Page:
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Breathtaking work nearly 300 feet underwater

Major project replacing large debris grate at Gross Dam requires experts in the harrowing field of saturation diving.

Nearly 300 feet under the surface of Gross Reservoir northwest of Denver, a team of daredevils are embarking on a remodeling job far beyond the reach of the crafty deck guy you found on Nextdoor.

Over about two months, this courageous crew of divers, doctors and demolitionists will deconstruct and remove a massive underwater grate located at the bottom of the water side of the dam, then replace it with an upgraded one. And the entire project will be directed from a floating barge.

The craziest part of all? 

The divers will spend weeks working underwater and, between shifts, living in a saturation chamber on the barge that will allow them to eat, sleep and “relax” in a pressurized state and complete the work far faster than if divers had to undergo more frequent preparation and recovery for underwater work shifts.

Watch this video about a similar underwater maintenance project conducted at Denver Water’s Strontia Springs Dam in Waterton Canyon in 2017.

“It is risky work,” said Denver Water engineering manager Doug Raitt. “That said, the risks are manageable. We understand them and our contractor has extraordinary experience.”

If you take a few minutes to learn about the profession of “saturation diving,” (try this 2018 piece published by Atlas Obscura) it may renew your appreciation for your desk job. 

Denver Water is contracting with Seattle-based Global Diving and Salvage, a firm with extensive experience in this kind of work. 

Other jobs featured on the company’s website include wreck removals, underwater needs tied to energy industry, environmental projects, and work associated with dams, including work on other Denver Water dams

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A metal cage, the top level with a white crane, sits on a dirt lot with trees in the background.
A bird’s eye view of the grate that will be installed underwater at the base of Gross Dam as it is prepared for shipping by truck from a fabrication yard in the Seattle area to the dam in Boulder County. Photo credit: Global Diving and Salvage.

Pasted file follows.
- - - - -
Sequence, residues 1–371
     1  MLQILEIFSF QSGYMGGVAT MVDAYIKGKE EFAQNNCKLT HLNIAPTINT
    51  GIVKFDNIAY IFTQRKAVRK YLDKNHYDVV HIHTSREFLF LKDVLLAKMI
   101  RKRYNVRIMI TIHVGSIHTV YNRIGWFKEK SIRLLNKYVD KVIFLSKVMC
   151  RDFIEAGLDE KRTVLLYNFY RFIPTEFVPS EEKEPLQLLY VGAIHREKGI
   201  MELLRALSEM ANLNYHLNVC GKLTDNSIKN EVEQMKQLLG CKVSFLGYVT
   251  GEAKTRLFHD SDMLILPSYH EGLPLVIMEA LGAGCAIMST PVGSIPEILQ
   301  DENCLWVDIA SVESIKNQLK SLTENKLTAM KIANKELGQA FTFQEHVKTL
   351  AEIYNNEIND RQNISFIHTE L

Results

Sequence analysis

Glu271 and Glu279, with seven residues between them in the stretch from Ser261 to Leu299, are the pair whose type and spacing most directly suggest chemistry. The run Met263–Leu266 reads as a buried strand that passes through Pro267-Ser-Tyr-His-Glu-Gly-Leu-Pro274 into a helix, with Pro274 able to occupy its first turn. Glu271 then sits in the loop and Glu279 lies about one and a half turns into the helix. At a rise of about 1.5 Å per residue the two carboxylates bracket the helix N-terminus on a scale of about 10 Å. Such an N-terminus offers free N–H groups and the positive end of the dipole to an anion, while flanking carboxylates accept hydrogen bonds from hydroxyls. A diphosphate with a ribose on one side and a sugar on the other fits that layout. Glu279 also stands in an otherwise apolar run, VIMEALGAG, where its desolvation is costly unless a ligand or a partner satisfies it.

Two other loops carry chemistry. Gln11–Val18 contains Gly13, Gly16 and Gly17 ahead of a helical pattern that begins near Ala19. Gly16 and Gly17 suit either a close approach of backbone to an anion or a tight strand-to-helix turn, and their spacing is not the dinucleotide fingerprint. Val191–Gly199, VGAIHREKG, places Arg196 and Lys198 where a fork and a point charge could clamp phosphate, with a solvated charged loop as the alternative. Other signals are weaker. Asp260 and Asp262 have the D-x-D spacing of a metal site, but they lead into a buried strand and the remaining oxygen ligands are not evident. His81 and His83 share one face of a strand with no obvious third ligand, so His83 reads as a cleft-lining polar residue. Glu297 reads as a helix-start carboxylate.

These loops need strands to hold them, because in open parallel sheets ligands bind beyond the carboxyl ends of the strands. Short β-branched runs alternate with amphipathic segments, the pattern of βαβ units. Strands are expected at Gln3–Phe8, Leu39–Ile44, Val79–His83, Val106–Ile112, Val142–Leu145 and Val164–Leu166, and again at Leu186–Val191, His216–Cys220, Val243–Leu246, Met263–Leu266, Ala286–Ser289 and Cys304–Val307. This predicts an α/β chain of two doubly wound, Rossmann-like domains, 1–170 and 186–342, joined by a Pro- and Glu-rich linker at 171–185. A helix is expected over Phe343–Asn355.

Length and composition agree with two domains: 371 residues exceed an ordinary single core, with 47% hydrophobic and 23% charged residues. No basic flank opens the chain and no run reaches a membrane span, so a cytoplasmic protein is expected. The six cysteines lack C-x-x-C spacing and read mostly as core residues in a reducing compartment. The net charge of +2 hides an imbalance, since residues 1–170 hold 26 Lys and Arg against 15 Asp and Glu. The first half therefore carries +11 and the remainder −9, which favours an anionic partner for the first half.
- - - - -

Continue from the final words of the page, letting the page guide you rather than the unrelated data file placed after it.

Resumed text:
“It is a niche industry, and we are pretty picky about who we hire to do this,” Raitt said.

The underwater grate at Gross — known by the unflattering name in the industry as a “trashrack” — remains in good shape all these years after it was installed in the early 50s, along with construction of the dam itself. 

Its purpose: keeping big debris such as submerged logs from getting pulled into the intricate piping and valve system that calibrates water releases from the bottom of the reservoir.

The trashrack’s structure itself is perfectly sound, in other words, but it no longer aligns with new regulations associated with the Division of Water Resources and the Federal Energy Regulatory Commission. Those regulations involve new design criteria to meet seismic standards, and the grate’s ability to hold up in a theoretically significant and extremely rare earthquake, one that has a 1 in 10,000 chance of occurring in any given year.


Denver Water’s Dam Safety team performs regular, routine inspections on the utility's 20 dams on an annual basis in coordination with the State Engineer’s Office. Read more about the team’s work.


“Dam safety is a black and white world,” Raitt said. “It’s unacceptable to Denver Water to have a feature on a tall dam like this that does not meet the latest regulations. That’s part of the responsibility of maintaining a structure like this. Regulations evolve. When they change, a dam operator like Denver Water has to comply.”

Raitt stresses the project is wholly unrelated to the planned expansion of Gross Reservoir. It would be happening regardless of that effort, he said. 

It’s the same situation that applied to Denver Water’s recent upgrade of the dam’s outlet works to better regulate water released from the reservoir. That project, too, had to move ahead regardless of expansion plans.

Workers will begin mobilizing at the reservoir Aug. 23. Much of the initial work will be setting up the floating barge and getting equipment in place. The diving work itself will take roughly a month. The project is expected to be wrapped up in the first week of November.

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Close-up view of a metal cage, the grate that will be installed at Gross Dam.
The size of the new grate to be installed underwater at the base of Gross Dam becomes clear the closer you get to it. Photo credit: Global Diving and Salvage.

The work will also create some disruptions to recreation.

From Aug. 23 to Sept. 6, the road to the Windy Point and South Side Picnic Areas will be closed. Osprey Point and the Miramonte Picnic Area will remain open. 

After Sept. 6, the road will reopen but there will be no public access at the South Side picnic area (the lower parking lot on the south side of the dam) for the remainder of the project. 

For more information, visit denverwater.org/Trashrack.